This tutorial will show you how to remove items from a picture with complex backgrounds such as grass. In this case we are removing leaves but you can also use this method to remove areas of patchy grass and areas that are discoloured. The one thing you do need to have in your original picture is a section of grass which looks healthy without any objects in it where you can copy from with the clone tool.
Open up your original image. I have used a cat photo from Wikimedia by Armaud 25.
If you are working with a complex image such as grass, the first thing to identify are the areas of grass which look good where you are able to copy from. Focus on these areas and using the clone tool take out any small imperfections.
How to Use the clone tool:
After selecting the clone tool from the toolbar right click the canvas. This will bring up the brush menu where you can choose the size of the brush and the hardness. I suggest that you play around with these settings to see what works best for your picture. The red circles in the photo below show the rough size of the brush I was using in comparison to the photo size. I would also suggest using the hardness setting somewhere between 35% to 65% (Using a setting of 100% here would create a brush with a hard edge that will not blend. A setting of 0% will cause what you are copying to become blurred and if you intend to then copy from that area elsewhere, you will be building up patches that are not in focus – this will show the more you use it).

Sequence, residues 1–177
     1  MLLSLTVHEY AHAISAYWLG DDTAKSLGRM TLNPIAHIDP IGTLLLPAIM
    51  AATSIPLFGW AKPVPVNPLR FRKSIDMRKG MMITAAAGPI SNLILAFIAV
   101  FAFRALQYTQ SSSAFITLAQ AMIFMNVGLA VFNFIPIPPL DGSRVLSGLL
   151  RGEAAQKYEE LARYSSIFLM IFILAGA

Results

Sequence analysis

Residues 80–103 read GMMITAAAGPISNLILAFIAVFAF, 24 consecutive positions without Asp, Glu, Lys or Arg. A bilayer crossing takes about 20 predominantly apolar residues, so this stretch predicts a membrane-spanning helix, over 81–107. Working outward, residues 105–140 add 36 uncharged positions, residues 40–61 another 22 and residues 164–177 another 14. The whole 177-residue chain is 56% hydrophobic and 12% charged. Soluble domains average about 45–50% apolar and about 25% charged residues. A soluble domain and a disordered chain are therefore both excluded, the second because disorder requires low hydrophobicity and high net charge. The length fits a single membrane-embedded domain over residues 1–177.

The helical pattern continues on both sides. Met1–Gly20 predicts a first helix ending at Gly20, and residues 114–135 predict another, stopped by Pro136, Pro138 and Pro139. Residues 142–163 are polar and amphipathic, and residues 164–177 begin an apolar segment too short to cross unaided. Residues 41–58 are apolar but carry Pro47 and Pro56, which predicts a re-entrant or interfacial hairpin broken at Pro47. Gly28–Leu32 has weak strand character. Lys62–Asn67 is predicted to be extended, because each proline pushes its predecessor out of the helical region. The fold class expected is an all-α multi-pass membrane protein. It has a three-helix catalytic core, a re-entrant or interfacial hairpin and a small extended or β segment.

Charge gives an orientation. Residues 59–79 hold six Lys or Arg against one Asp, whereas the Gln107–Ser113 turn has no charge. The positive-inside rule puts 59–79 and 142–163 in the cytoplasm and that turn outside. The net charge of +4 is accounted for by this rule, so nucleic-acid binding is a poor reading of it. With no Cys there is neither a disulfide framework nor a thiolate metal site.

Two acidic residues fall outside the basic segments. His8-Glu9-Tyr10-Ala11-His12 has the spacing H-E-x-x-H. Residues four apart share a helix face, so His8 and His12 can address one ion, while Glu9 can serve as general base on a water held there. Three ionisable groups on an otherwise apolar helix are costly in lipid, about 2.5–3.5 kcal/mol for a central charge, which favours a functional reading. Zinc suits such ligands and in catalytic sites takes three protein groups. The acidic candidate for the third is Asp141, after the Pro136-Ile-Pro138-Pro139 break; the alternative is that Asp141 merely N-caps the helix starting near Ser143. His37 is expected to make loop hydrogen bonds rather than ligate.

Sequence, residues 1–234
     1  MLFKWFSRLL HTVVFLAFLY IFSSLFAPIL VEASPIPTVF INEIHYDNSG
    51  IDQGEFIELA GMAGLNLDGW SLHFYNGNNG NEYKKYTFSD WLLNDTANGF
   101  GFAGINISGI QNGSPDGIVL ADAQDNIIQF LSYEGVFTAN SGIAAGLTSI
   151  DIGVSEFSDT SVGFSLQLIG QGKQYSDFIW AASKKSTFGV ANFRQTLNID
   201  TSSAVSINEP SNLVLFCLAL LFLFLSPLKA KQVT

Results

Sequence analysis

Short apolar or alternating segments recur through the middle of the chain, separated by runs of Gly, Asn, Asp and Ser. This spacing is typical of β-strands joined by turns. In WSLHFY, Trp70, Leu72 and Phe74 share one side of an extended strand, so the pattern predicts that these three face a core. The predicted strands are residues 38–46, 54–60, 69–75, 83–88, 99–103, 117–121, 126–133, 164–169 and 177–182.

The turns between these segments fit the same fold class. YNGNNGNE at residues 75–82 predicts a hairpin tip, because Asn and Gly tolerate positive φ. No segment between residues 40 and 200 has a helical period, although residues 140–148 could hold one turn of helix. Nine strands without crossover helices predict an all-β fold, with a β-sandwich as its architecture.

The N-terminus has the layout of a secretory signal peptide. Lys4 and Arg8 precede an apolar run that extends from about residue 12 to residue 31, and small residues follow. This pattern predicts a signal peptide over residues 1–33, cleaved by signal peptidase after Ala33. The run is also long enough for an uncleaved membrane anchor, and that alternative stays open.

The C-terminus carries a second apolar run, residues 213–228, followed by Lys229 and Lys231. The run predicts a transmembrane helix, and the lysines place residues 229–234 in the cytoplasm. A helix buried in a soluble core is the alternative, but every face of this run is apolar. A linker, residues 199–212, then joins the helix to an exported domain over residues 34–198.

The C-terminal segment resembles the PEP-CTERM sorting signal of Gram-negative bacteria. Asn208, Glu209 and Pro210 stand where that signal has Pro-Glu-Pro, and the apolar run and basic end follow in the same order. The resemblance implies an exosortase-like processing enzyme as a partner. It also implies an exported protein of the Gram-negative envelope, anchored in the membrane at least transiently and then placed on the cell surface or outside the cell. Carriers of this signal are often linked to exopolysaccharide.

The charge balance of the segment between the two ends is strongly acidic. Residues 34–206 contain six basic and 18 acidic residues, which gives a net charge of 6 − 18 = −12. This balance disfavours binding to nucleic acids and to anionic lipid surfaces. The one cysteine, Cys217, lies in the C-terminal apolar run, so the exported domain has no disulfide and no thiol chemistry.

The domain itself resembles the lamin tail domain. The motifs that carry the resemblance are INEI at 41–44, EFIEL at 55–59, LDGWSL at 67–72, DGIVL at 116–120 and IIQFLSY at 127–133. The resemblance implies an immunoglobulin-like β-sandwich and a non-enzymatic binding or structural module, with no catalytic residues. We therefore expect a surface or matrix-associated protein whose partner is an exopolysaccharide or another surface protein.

Once you are happy with the brush size, hold down the Alt key and click on the area that you want to copy from. Then click on the area where you want to copy to.
Using the photo below as I guide – I used samples of grass from 4 different areas all to cover over the slightly grey area of grass in the center. Using 4 different areas improves the quality of the new piece of grass as it won’t exactly match any 1 of the 4 areas.
The same photo is below after taking out the grey area.
Step 3.Continue to work in this way taking out the imperfections in the good areas – this will give you a good area to eventually copy from when you want to edit out the bigger areas such as the leaves. (If you copy from this area without taking out the imperfections you will copy them over the entire picture and you will start to notice the same imperfection in multiple areas and be able to tell it has been cloned).
Below shows you what can happen if you use a brush that is too soft. Any area that you create yourself that looks blurred you can use the clone tool again to cover over it as shown below.
The next few images show the sequence that I went through to take out some of the smaller objects.
As the grass changes in size and colour from the front to the back of the photo, it is important that you clone from a similar area. For example by cloning from areas that are horizontally next to the objects in the image below, we can be sure that the height of the grass and colour will be the correct match.
We are now left with a tiny bit of the image which will be difficult to edit as a leaf rests on the cats paw. The best thing to do here is to look across the entire photo to see if there are any areas you can clone from. In this case you can clone from the cats other paw.
Tidy up the last few areas of the picture. still using the clone tool.
The finished image:
The gif below shows the whole process from beginning to end animated